By Margaret Cheung
“Not telling the truth is the quickest way to turn yourself into a stranger,” — Mark W. Perrett
Yes, children lie; but so do grownups — we are all guilty of telling a few little, white lies from time to time. The trouble is that lying some time can do more harm than good. The good news is that if you set a good example (with a no-lying rule), your little Pinocchio will follow suit.
Onset of Lying in Children
Most psychologists agree that children start to lie when they begin to mature socially and cognitively. As such, most kids start lying at the age of two. Toddlers between 2 and 4 have a little grasp of where the truth begins and where it ends. They don’t even have a clear idea of what’s a daydream, reality, fantasy, wish or fear. Nonetheless, expect a 2-4-year-old to tell “weak lies” like “the baby ate my cookie.” While it’s still too early to punish your toddler for lying, you can encourage her to tell the truth subtly.
Kids between ages 5 and eight will certainly begin to lie more to test what they can get away with. Most of their lies will have to do with their teachers, homework, classes, and even friends. Even at this stage, children cannot maintain their lies. Continue being an excellent role model because kids at this age are quite keen.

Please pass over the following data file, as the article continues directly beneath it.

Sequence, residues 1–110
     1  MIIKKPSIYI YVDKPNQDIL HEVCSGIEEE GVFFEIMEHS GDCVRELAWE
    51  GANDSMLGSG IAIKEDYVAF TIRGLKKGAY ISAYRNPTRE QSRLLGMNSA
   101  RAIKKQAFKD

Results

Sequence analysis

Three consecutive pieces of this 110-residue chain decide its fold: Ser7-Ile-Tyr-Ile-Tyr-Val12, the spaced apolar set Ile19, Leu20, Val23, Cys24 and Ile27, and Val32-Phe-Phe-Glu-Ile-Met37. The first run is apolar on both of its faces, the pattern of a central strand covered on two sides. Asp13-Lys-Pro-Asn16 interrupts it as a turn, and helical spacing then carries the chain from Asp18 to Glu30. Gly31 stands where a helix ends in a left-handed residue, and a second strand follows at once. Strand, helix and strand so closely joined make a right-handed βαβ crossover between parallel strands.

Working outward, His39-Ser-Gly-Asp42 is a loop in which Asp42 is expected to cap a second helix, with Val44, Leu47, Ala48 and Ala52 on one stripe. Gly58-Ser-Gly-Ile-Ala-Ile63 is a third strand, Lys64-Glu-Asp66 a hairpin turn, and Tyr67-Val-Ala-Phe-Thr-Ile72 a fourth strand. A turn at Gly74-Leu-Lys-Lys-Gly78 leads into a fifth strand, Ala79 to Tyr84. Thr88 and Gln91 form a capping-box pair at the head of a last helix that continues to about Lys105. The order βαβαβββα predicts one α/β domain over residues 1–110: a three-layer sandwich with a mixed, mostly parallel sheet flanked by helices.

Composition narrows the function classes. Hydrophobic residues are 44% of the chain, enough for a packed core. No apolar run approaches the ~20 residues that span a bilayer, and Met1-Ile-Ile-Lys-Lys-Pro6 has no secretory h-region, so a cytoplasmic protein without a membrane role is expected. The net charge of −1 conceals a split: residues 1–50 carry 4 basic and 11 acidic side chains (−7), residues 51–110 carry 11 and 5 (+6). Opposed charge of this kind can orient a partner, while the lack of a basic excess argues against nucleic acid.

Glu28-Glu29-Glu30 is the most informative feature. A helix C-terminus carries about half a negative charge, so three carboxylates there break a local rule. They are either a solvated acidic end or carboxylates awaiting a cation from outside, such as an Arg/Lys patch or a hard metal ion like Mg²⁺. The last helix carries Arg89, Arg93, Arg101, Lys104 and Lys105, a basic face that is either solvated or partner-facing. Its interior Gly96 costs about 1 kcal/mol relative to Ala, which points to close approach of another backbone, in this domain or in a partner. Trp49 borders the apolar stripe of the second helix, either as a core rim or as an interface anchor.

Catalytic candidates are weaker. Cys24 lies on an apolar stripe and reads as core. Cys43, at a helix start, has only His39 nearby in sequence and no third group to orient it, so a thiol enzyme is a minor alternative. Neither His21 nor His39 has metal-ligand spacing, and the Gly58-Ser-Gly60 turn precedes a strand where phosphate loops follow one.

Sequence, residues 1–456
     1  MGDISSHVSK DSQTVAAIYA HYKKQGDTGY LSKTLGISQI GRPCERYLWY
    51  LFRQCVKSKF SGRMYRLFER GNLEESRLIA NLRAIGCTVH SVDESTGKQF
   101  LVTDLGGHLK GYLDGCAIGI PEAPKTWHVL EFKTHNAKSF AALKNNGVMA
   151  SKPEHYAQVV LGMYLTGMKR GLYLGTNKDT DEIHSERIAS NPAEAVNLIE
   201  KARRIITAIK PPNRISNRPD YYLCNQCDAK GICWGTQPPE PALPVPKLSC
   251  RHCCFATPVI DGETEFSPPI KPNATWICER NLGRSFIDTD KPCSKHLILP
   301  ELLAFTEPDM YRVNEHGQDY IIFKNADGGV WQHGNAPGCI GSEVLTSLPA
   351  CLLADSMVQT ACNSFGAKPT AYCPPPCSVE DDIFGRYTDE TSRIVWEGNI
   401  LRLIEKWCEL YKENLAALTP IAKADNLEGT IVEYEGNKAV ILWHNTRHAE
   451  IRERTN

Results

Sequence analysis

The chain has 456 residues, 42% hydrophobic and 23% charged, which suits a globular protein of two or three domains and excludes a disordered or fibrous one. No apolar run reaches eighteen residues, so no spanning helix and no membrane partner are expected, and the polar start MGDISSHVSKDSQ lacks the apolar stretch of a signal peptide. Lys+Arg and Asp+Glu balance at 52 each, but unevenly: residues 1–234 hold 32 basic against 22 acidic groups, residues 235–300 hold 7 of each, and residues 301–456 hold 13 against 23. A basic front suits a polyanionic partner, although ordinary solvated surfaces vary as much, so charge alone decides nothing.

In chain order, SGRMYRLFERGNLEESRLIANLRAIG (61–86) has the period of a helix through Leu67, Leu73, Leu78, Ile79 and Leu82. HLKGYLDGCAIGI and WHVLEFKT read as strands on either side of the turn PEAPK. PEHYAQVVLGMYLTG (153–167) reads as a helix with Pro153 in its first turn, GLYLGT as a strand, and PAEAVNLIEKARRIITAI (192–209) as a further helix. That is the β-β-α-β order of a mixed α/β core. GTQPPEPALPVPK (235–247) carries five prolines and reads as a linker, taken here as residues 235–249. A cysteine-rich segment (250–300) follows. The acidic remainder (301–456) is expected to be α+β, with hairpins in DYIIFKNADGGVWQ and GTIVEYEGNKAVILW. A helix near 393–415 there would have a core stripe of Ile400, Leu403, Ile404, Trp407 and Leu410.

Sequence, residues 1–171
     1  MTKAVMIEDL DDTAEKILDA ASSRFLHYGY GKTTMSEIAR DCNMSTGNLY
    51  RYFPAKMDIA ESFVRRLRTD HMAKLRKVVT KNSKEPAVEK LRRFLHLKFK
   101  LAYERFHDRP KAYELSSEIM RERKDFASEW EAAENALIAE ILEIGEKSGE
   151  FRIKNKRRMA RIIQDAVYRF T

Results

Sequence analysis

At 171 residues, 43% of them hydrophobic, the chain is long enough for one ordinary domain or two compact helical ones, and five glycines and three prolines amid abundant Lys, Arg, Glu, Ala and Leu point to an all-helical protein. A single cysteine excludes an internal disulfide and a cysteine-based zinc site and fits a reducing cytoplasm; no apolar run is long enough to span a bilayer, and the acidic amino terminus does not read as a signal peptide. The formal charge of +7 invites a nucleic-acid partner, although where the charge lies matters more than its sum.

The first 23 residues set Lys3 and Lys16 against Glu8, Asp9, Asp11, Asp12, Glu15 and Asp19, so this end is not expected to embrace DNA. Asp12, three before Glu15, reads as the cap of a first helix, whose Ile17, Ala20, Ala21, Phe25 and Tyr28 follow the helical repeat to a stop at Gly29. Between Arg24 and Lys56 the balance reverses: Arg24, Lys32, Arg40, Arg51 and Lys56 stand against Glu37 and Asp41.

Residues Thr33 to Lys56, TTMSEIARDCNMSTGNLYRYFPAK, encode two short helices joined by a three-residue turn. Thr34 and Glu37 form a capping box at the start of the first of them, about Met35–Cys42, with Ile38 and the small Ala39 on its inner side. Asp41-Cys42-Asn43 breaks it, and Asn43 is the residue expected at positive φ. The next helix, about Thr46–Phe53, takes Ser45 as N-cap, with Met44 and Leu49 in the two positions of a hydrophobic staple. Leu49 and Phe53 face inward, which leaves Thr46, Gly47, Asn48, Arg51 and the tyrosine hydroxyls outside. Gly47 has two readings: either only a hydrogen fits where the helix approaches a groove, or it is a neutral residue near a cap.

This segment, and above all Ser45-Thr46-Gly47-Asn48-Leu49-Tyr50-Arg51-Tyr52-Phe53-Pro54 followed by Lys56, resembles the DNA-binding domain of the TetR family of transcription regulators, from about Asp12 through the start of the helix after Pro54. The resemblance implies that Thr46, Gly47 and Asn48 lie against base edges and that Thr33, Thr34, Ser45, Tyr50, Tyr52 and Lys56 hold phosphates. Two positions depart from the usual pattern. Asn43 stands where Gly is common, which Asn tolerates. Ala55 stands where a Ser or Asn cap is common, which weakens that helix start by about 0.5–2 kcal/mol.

Tweens (9-12), however, are more adept at lying and maintaining their lies. The good thing is that tweens are more sensitive to consequences of lying. A good, long conversation about honesty and repercussion of lying is called for.
Why Do Children Lie?
The reasons, why children lie, vary by age.
Toddlers (Age 2-4)
Again, toddlers have a weak grasp of what’s reality, fantasy, right, and wishful. At this age, they often lie for the sake of fibs. In other words, children lie as toddlers to get something for themselves or deny they have done something wrong.
Preschoolers (Age 5-8)
The primary reason preschoolers lie is to “test the limits of what they can get away with,” asserts child psychiatrist, Elizabeth Berger. That’s why they often tell tall tales.
Tweens (Age 9-12)
Between 9 and 12, kids are fast establishing their personalities. They are looking to build a trustworthy, hardworking, and conscientious identity. Tweens use every opportunity to exercise their independence. That’s why they often stretch the truth a little to get people off their back. Tweens, however, might still tell an occasional lie about chores, homework, and the likes.